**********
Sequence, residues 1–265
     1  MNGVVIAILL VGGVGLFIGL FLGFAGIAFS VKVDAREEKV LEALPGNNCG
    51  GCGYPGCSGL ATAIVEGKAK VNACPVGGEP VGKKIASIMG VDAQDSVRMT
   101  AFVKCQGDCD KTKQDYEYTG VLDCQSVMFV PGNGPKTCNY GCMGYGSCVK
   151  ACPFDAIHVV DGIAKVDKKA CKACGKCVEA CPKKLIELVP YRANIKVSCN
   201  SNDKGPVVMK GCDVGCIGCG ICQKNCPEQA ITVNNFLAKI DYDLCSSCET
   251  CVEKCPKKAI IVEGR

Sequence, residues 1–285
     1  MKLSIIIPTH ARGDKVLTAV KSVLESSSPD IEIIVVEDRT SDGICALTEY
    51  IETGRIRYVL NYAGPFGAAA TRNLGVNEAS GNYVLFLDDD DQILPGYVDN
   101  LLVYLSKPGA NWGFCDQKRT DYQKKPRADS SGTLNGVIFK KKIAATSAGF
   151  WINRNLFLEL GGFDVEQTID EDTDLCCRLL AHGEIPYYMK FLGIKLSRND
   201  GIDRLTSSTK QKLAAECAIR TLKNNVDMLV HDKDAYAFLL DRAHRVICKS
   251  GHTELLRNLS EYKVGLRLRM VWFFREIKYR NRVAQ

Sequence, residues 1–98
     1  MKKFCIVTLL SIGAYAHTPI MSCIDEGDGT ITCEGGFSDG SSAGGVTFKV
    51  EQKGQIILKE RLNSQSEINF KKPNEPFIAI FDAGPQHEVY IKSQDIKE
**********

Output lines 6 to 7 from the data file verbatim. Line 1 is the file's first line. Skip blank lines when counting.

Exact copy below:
   201  SNDKGPVVMK GCDVGCIGCG ICQKNCPEQA ITVNNFLAKI DYDLCSSCET
   251  CVEKCPKKAI IVEGR